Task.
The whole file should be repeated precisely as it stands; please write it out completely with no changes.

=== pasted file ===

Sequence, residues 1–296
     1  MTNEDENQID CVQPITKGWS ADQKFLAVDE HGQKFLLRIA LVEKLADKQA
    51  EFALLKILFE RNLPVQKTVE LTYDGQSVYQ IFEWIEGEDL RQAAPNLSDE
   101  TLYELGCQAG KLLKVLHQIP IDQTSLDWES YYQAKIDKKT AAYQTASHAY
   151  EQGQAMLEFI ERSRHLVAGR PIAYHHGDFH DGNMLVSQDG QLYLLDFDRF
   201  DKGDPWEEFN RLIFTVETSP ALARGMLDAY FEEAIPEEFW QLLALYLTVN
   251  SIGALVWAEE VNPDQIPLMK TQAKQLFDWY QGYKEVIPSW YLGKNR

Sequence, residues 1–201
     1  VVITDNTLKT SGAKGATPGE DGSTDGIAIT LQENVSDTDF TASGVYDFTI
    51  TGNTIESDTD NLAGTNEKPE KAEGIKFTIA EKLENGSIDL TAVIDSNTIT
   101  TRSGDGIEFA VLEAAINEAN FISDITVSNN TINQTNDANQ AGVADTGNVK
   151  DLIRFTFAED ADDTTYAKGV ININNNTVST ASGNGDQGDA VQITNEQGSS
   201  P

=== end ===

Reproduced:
Sequence, residues 1–296
     1  MTNEDENQID CVQPITKGWS ADQKFLAVDE HGQKFLLRIA LVEKLADKQA
    51  EFALLKILFE RNLPVQKTVE LTYDGQSVYQ IFEWIEGEDL RQAAPNLSDE
   101  TLYELGCQAG KLLKVLHQIP IDQTSLDWES YYQAKIDKKT AAYQTASHAY
   151  EQGQAMLEFI ERSRHLVAGR PIAYHHGDFH DGNMLVSQDG QLYLLDFDRF
   201  DKGDPWEEFN RLIFTVETSP ALARGMLDAY FEEAIPEEFW QLLALYLTVN
   251  SIGALVWAEE VNPDQIPLMK TQAKQLFDWY QGYKEVIPSW YLGKNR

Sequence, residues 1–201
     1  VVITDNTLKT SGAKGATPGE DGSTDGIAIT LQENVSDTDF TASGVYDFTI
    51  TGNTIESDTD NLAGTNEKPE KAEGIKFTIA EKLENGSIDL TAVIDSNTIT
   101  TRSGDGIEFA VLEAAINEAN FISDITVSNN TINQTNDANQ AGVADTGNVK
   151  DLIRFTFAED ADDTTYAKGV ININNNTVST ASGNGDQGDA VQITNEQGSS
   201  P